Unique as the Nose on Your Face
Here’s another bit-o-history from the Popular Mechanics archives:
This interesting little blurb was published back in February 1933. Is your dog’s noseprint as unique as your fingerprint? According to Bowden’s Veterinary Anatomy and Physiology — it is, and in fact the Canadian Kennel Club has accepted nose prints as proof of identity since 1938.
There’s even a company Dognose ID, that specializes in dog noseprint work. Here’s an excerpt from their website:
Awhile back, someone had a great idea: fingerprint every child, so he or she could be easily identified if ever lost or missing – even years later.
Now we’ve taken the same approach, and applied it to man’s best friend.
Introducing Dognose ID. The first painless, noninvasive and permanent method of recording your dog’s identity. If your dog is ever lost or stolen, it can easily be identified, quickly and accurately, with virtually no chance of error. But we go one step further than any other know method. We go directly into the field to all shelters to ask them to be on the lookout for your pet.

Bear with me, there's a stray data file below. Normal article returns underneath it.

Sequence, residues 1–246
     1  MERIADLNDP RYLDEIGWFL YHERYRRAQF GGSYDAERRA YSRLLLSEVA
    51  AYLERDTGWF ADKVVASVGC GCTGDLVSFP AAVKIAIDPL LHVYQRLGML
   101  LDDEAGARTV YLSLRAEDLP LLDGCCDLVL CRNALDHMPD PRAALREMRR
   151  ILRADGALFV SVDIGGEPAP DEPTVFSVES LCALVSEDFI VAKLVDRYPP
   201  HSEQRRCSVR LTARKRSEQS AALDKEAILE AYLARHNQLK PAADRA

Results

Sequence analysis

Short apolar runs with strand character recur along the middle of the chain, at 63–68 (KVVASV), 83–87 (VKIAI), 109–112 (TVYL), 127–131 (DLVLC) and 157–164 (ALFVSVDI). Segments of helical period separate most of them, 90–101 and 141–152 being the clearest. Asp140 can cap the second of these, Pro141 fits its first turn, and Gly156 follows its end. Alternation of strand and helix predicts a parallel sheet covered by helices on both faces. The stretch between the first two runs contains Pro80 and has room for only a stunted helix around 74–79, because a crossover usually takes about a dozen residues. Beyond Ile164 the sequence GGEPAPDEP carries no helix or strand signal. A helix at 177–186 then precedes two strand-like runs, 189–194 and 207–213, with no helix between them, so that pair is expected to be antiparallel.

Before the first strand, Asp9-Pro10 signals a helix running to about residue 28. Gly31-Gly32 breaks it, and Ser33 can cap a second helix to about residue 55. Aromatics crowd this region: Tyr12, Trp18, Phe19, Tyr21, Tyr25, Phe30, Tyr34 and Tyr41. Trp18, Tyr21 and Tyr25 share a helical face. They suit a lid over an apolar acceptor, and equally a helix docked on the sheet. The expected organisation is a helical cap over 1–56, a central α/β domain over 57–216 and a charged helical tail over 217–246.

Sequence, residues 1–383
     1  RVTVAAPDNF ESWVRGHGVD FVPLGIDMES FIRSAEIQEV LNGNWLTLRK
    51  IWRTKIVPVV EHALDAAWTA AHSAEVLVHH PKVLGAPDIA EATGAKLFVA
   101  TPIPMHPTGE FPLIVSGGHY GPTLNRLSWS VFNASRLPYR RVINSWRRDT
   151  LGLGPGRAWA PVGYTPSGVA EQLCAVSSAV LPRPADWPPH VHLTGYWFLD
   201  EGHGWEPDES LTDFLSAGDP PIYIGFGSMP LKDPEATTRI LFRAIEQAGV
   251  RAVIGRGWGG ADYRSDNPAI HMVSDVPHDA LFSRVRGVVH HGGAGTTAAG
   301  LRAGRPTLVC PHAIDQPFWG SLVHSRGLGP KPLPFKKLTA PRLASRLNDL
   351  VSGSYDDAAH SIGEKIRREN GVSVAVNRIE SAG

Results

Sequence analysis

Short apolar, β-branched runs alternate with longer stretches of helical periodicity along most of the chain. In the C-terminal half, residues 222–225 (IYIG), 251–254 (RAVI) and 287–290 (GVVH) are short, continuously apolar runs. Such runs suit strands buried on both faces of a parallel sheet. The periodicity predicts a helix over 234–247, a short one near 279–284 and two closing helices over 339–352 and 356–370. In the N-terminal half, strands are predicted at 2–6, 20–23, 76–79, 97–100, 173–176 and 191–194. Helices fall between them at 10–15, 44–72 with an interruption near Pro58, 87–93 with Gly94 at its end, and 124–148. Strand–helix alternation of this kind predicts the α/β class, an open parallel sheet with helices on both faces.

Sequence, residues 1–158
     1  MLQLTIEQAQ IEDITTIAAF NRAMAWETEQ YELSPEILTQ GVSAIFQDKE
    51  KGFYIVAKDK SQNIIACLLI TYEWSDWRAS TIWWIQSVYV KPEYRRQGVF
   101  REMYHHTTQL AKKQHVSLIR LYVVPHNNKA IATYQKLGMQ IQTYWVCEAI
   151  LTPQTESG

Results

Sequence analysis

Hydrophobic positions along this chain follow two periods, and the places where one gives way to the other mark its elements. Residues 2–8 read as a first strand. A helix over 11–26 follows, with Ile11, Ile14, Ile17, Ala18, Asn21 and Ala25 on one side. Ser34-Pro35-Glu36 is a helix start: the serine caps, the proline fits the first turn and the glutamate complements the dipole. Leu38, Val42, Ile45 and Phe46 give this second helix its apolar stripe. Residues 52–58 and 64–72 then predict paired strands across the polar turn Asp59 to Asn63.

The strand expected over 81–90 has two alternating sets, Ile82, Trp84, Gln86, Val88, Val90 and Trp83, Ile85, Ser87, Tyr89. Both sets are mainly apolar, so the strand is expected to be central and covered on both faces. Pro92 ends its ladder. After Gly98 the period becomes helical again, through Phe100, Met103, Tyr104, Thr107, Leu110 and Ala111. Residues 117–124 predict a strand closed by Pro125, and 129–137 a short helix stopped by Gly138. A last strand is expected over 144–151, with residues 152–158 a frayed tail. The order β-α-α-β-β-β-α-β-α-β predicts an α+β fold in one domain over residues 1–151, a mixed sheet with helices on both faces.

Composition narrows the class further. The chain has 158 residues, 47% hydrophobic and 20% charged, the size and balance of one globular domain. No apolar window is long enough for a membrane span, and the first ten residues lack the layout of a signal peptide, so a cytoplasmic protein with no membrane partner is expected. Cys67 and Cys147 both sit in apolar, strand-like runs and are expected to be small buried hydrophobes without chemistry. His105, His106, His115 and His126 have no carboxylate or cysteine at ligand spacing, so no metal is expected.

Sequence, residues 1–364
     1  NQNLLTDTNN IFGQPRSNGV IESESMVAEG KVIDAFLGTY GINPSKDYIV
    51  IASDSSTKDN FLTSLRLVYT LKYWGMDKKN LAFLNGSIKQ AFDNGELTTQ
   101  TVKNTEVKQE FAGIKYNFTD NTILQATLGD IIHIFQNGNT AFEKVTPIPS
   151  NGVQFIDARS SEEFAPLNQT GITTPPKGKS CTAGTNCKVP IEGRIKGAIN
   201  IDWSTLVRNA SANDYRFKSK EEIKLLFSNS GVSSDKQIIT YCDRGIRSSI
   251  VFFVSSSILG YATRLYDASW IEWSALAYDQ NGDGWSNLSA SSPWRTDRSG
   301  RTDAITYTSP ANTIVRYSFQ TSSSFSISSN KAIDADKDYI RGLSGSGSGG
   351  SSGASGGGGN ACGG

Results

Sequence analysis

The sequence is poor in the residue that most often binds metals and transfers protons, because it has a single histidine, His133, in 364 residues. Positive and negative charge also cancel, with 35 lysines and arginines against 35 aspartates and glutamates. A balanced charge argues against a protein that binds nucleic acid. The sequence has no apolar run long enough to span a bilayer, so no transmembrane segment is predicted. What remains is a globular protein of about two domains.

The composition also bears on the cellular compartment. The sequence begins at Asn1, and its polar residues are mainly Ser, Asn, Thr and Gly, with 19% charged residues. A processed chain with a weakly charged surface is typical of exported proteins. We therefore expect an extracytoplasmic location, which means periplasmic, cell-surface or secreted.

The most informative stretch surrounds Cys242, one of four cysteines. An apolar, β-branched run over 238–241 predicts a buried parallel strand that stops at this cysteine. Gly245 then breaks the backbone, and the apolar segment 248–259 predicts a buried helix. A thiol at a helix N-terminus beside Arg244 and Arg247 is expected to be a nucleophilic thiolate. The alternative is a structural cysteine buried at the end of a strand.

This means you have a much better chance of getting your pet back. Fast, before he or she is euthanized.
Dognose ID works just like fingerprint identification and is based on the unique patterns of your dog’s nose. It can never be altered or removed. Unlike any other means of identification, it never changes, which means it will always be just as accurate as the first day you registered with us – whether your dog is a new puppy or full grown. If ever that positive identification is needed – our DNA experts will positively identify your pet.
Of course the utlity of this system is predicated on the concept that a shelter or animal control authority will actually take your dog’s nose print, compare it to a database and that its staff will understand how to make an accurate comparison. Since nearly all shelters have access to microchip readers and a tattoo can be checked with little more than some shaved hair, interesting as it is, Dognose ID isn’t a program I’m going to rely on. At least not yet.